Emanating from the work carried out by CCS on the management of the processes involved in the construction of the Compact Muon Solenoid (CMS), one of CERN’s new generation of experiments at the Large Hadron Collider, CRISTAL has enabled scientists to track thousands of constituent parts through hundreds of complex activities over CMS’s extended 10-year construction period.
Furthermore it has been developed with flexibility and adaptability in mind and can be reused across the industrial spectrum from concurrent engineering design to business process management.
Director of CCS, Professor Richard McClatchey explains, “CRISTAL is designed to deliver distributed workflow and data management infrastructures and support technologies.
“It provides ready solutions to many of the problems in commercial production management. The beauty of the CRISTAL system is that it has been tried and tested on one of the worlds most complex, demanding and high profile environments at CERN, but can be customised for use by companies and organisations in the manufacturing, telecommunications and many other sectors.
“CRISTAL can also be used as a management tool in areas such as bio-informatics and health informatics – for tracking research findings or for monitoring the efficiency of different treatment programmes. It is also effective for large-scale engineering projects when workers and managers in scattered locations need to know the status of a current work programme.” .
In the past ten years the CRISTAL technology has proven itself at CERN and has enabled the tracking of the over half a million constituents of the CMS Electromagnetic Calorimeter (ECal). It has gathered several terabytes of information about the history, calibration and testing of these elements so that the ECal detector can safely operate for the next 10-15 years in CMS. In doing so it has demonstrated the efficiency and application of the software engineering techniques employed by CCS personnel in the design of CRISTAL and its open, and extensible architecture has facilitated the re-use of CRISTAL in other domains.
CRISTAL has been developed into the Agilium product now being marketed by M1i in France and, in the near future, across Europe for process and product management in many domains including engineering, manufacturing and in the retail sector.
Richard McClatchey concludes, “We are very excited at the potential and capacity of Agilium to have a real impact on businesses, organisations and research. We will be studying a range of applications over the next few years with a view to establishing CRISTAL/Agilium as the software of choice for managing complex business processes.”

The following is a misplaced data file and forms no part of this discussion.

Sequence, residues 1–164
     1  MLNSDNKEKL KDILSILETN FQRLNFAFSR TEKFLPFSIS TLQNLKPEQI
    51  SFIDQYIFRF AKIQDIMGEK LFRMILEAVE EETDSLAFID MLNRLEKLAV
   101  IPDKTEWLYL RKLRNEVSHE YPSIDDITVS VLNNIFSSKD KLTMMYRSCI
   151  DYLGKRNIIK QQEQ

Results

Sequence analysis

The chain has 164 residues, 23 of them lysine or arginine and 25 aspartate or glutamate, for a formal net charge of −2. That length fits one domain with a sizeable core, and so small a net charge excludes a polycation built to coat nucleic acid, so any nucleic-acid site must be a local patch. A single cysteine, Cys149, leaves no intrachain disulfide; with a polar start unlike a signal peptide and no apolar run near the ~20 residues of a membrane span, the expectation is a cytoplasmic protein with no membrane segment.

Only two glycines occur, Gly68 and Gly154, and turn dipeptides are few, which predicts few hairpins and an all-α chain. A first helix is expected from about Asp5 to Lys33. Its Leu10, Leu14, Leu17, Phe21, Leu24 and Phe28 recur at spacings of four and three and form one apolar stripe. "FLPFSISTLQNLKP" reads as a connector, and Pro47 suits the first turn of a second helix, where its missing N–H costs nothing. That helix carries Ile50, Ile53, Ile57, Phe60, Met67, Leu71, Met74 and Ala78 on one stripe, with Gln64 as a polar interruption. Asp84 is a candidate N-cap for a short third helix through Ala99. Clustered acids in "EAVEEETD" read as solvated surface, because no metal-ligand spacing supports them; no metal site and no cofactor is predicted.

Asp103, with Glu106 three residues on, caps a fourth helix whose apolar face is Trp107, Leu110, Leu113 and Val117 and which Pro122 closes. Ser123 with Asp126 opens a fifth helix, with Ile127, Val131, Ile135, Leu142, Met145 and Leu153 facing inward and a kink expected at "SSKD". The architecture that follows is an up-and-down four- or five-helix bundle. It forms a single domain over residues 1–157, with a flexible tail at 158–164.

Jane Kelly | alfa
SwRI-led team discovers lull in Mars' giant impact history
26.04.2017 | Southwest Research Institute
New survey hints at exotic origin for the Cold Spot
26.04.2017 | Royal Astronomical Society
More and more automobile companies are focusing on body parts made of carbon fiber reinforced plastics (CFRP). However, manufacturing and repair costs must be further reduced in order to make CFRP more economical in use. Together with the Volkswagen AG and five other partners in the project HolQueSt 3D, the Laser Zentrum Hannover e.V. (LZH) has developed laser processes for the automatic trimming, drilling and repair of three-dimensional components.
Automated manufacturing processes are the basis for ultimately establishing the series production of CFRP components. In the project HolQueSt 3D, the LZH has...
Reflecting the structure of composites found in nature and the ancient world, researchers at the University of Illinois at Urbana-Champaign have synthesized thin carbon nanotube (CNT) textiles that exhibit both high electrical conductivity and a level of toughness that is about fifty times higher than copper films, currently used in electronics.
"The structural robustness of thin metal films has significant importance for the reliable operation of smart skin and flexible electronics including...
The nearby, giant radio galaxy M87 hosts a supermassive black hole (BH) and is well-known for its bright jet dominating the spectrum over ten orders of magnitude in frequency. Due to its proximity, jet prominence, and the large black hole mass, M87 is the best laboratory for investigating the formation, acceleration, and collimation of relativistic jets. A research team led by Silke Britzen from the Max Planck Institute for Radio Astronomy in Bonn, Germany, has found strong indication for turbulent processes connecting the accretion disk and the jet of that galaxy providing insights into the longstanding problem of the origin of astrophysical jets.
Supermassive black holes form some of the most enigmatic phenomena in astrophysics. Their enormous energy output is supposed to be generated by the...
The probability to find a certain number of photons inside a laser pulse usually corresponds to a classical distribution of independent events, the so-called...
Microprocessors based on atomically thin materials hold the promise of the evolution of traditional processors as well as new applications in the field of flexible electronics. Now, a TU Wien research team led by Thomas Müller has made a breakthrough in this field as part of an ongoing research project.
Two-dimensional materials, or 2D materials for short, are extremely versatile, although – or often more precisely because – they are made up of just one or a...
20.04.2017 | Event News
18.04.2017 | Event News
03.04.2017 | Event News
26.04.2017 | Materials Sciences
26.04.2017 | Agricultural and Forestry Science
26.04.2017 | Physics and Astronomy